After accounting for variation in sampling effort and area, Barbosa et al. (2010) find that the positive relationship between Carabid species richness and HPD across regions largely disappears. However, and most surprisingly, they find that the negative correlation between HPD and richness across 10 × 10 km grid cells reverts to a positive correlation (although the partial r2 is very small). This result appears to be driven by widespread species, which show a positive association with people, whereas endemic species are negatively correlated with human density.
The results of Barbosa et al. (2010) at the largest sampling grain contrast with the findings of Luck et al. (2010), who examined the congruence between HPD and bird species richness across Australia at a grain size of 1° grid cells. Luck et al. (2010) found that the positive correlation between HPD and species richness remained even after controlling for variation in sampling effort. Moreover, they identified net primary productivity as a possible key driver of this spatial congruence, and found that the strength of the correlation between people and richness was mediated by the presence of land designated for conservation (i.e. the correlation between HPD and species richness was stronger in grid cells with a higher proportion of conservation land).
These contrasting results demonstrate that much greater attention should be assigned to the impact of sampling effort on the HPD–richness correlation. Moreover, the influence of variation in sampling effort on well-established biogeographic patterns warrants more study. Both Barbosa et al. (2010) and Luck et al. (2010) note that the presence or strength of environmental gradients in species richness (e.g. latitudinal gradients or relationships with primary productivity) may be influenced by interrelationships with sampling effort and HPD.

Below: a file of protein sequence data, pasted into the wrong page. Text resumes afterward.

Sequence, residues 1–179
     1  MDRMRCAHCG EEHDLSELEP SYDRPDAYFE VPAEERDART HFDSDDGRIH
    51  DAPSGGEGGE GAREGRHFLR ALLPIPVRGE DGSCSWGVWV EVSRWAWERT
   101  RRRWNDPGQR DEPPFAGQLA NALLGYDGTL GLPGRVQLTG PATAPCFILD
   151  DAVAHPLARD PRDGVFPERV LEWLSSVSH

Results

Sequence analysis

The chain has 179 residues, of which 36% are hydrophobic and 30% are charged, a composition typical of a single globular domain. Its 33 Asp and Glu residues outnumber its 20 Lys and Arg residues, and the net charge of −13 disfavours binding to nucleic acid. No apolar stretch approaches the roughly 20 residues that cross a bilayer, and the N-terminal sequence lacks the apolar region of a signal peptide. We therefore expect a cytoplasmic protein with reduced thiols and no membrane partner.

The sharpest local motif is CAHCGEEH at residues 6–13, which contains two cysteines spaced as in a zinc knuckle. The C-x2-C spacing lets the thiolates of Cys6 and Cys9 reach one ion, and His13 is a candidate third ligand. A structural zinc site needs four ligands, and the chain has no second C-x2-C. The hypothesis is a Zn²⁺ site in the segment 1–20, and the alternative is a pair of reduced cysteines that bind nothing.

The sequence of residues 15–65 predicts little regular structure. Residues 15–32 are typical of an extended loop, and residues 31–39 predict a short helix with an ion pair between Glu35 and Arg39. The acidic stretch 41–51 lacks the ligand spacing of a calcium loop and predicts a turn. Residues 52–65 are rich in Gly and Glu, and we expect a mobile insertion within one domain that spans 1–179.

Future work should also examine variation in sampling completeness. For example, fewer samples in species poor areas may record the same proportion of the total species pool as more samples in species rich regions. Ultimately, we want the most accurate estimate possible of the total number of species in a given location, and calculating sample completeness (e.g. by using estimator procedures; Colwell & Coddington, 1994) indicates how close we have come to achieving this objective. We should also determine if variation in spatial patterns of HPD from one location to another influences the HPD–species richness correlation. For example, do we find different relationships in heavily populated countries (or those with a more evenly distributed population) versus those with lower HPD? The HPD–species richness correlation is becoming a well-established spatial pattern. Identifying the drivers of this pattern has ramifications for species conservation and our understanding of broader biogeographic relationships.